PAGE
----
From what I understand, the entire client side of a GWT application is converted to Javascript when you build, therefore I suppose this question is related to both Javascript and the possibilities that GWT offers.

I have a couple of dozen processes that will need to be initiated in my GWT application, each process will then continuously make calls to a server. Does GWT support threading? Does the GWT client side support threading?


This link states:

No JavaScript knowledge required If you’re just a user of the framework, 
which I am for the matter of discussion, you do not need to know JavaScript 
in order to write dynamic content, be it client-side such as rolling frames, 
docking panels or scheduled “multi-threading” tasks, or server-side calls 
using XMLHttpRequests (aka AJAX). 

or scheduled “multi-threading” tasks, what does this mean?


4 Answers 4


JavaScript doesn't support multithreading. However, GWT has a class to 'simulate' threading, which is not real multithreading, but in most cases does what you need: com.google.gwt.core.client.Scheduler.ScheduledCommand. The technique is based on the timer class, which executes a method after the given time elapses.

For example, when placing the following code in you own code, the scheduleDeferred method will return directly and your code continues after the command, while the execute() method is executed using the timer:

Scheduler.get().scheduleDeferred(new ScheduledCommand() {
   public void execute() {
      .. code here is executed using the timer technique.

You can create a repeating command RepeatingCommand, which can be used to run the command more than once. Start it with Scheduler.get().scheduleIncremental() that will execute the command until the execute method returns false. You can use this to split tasks into sub tasks to get better 'threading' behavior. The Scheduler supports some additional methods to start a scheduled command differently. See the JavaDoc for more details.

Edited and updated with new GWT class instead of the deprecated DeferredCommand.

  • 1
    Correct me if I'm wrong but - I can use Java threads on the Server side, correct? If this is correct, then I think your answer has helped me a great deal, because I think I might be able to redesign my system around DeferredCommand on the client side and Java Threads on the server side.
    – Federer
    Apr 7, 2010 at 12:53
  • Most likely you can't use threads in the server itself, because the server disallows creating threads. But each call to the server from the browser will initiate a thread, and a thread is most likely only needed if you want to start a process that is not related to a call from the browser or you don't want the call from the browser to wait for the answer from the server. But in general it all depends on what you are trying to do with your application. Apr 7, 2010 at 13:39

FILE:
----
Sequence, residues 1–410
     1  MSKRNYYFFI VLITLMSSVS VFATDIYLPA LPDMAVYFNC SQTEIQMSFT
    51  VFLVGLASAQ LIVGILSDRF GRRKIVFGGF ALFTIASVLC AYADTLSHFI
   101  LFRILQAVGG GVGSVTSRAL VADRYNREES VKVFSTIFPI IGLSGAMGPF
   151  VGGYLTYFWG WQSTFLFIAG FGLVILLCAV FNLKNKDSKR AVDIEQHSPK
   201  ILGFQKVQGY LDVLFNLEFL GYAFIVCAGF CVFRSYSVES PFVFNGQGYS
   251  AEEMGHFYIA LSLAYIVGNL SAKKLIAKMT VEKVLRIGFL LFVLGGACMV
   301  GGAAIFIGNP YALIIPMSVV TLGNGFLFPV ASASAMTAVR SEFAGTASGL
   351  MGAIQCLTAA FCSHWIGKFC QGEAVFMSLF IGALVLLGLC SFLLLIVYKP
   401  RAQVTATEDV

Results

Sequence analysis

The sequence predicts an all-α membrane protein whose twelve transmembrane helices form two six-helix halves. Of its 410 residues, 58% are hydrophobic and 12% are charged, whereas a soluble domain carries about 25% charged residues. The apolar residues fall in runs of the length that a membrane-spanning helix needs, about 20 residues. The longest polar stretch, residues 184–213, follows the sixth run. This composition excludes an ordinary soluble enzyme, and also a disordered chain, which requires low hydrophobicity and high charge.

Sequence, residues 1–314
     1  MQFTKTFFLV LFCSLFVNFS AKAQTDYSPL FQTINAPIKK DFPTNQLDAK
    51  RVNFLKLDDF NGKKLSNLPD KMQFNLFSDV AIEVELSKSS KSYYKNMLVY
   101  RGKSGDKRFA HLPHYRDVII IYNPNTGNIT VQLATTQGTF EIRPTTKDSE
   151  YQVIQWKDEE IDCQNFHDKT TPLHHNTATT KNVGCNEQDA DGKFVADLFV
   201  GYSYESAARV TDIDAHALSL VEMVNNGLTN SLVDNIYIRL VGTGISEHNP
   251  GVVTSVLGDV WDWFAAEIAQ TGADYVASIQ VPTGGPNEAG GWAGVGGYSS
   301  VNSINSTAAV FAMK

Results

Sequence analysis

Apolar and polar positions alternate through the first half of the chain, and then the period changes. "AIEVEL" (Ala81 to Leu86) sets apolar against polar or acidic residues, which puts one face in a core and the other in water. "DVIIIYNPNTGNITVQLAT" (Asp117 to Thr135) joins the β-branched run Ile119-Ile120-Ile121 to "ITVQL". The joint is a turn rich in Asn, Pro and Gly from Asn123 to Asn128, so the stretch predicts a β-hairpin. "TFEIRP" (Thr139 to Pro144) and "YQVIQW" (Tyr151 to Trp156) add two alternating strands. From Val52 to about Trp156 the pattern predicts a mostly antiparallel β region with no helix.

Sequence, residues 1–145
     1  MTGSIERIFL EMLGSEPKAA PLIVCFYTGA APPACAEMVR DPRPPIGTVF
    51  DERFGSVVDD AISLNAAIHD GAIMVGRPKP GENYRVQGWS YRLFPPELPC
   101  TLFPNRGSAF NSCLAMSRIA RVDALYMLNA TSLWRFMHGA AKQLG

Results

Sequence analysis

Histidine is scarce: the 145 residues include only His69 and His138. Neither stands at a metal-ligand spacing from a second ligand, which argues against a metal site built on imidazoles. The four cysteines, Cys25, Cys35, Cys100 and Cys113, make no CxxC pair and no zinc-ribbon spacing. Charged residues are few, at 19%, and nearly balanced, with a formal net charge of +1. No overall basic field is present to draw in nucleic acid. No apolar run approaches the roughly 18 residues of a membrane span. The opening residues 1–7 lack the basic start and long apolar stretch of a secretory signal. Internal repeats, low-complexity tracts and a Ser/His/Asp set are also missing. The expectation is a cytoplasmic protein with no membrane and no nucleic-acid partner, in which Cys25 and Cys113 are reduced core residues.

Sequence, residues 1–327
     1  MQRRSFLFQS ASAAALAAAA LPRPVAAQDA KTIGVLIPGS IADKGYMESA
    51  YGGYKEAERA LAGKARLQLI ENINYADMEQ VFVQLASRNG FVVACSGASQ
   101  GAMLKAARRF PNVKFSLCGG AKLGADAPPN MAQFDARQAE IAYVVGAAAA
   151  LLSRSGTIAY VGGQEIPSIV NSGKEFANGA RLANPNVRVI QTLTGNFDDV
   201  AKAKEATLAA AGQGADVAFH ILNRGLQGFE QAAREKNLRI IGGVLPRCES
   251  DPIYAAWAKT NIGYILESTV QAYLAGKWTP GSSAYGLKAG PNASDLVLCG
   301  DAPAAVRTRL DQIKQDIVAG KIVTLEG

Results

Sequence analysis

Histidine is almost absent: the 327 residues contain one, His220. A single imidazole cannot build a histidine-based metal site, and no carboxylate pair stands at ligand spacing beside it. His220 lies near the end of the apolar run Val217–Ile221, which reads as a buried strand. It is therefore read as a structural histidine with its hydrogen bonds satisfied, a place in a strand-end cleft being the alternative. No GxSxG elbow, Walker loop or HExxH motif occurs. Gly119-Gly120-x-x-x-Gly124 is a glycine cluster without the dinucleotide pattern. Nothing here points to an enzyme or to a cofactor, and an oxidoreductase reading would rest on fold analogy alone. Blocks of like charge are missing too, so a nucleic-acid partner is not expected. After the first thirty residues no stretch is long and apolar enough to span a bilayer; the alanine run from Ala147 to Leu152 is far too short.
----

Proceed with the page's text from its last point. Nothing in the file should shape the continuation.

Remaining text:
• 2
    what do you mean by "the server disallows creating threads"? Which server? I'm not saying it's good practice but if Tomcat hasn't security policies explicitly preventing thread creation you can create thread on the server side like in any Java program no!? Apr 13, 2010 at 16:27
  • @WizardOfOdds: I should have been more specific. It's not allowed when security policies disallow it just as you mention and not in an EJB, but the latter doesn't apply to Tomcat. Anyway, I would not recommend using threads in a server. Apr 15, 2010 at 14:56
  • You can make GWT support java.lang.Thread by super-sourcing your own custom implementation of Thread.java that can mimic whatever behavior you want in GWT only. When you call Thread.start(), server will run concurrently, and client can use Scheduler.get().scheduleRepeatingCommand / whatever you like. To write threadsafe code that can be shared with gwt, you will want to super-source a number of classes, like ThreadLocal and ConcurrentHashMap at least.
    – Ajax
    Jun 28, 2012 at 12:41

There is work on Web Workers as part of HTML5 that is implemented in a number of browsers, but not on all (most notably internet explorer). You could use these features where available, but what you should do is look at the javascript programming model.

Javascript generally works asynchronously. Requests are fired off and at some point their answers are received as an event. You can have a large number of pending requests at the same time. This will require a bit of a redesign of your system though.


New way is to use a Scheduler


JavaScript doesn't support multithreading, so whatever GWT does, multithreading has to be done solely on the server side, because GWT can only use features that are already available on the client side.


Your Answer

By clicking “Post Your Answer”, you agree to our terms of service, privacy policy and cookie policy

Not the answer you're looking for? Browse other questions tagged or ask your own question.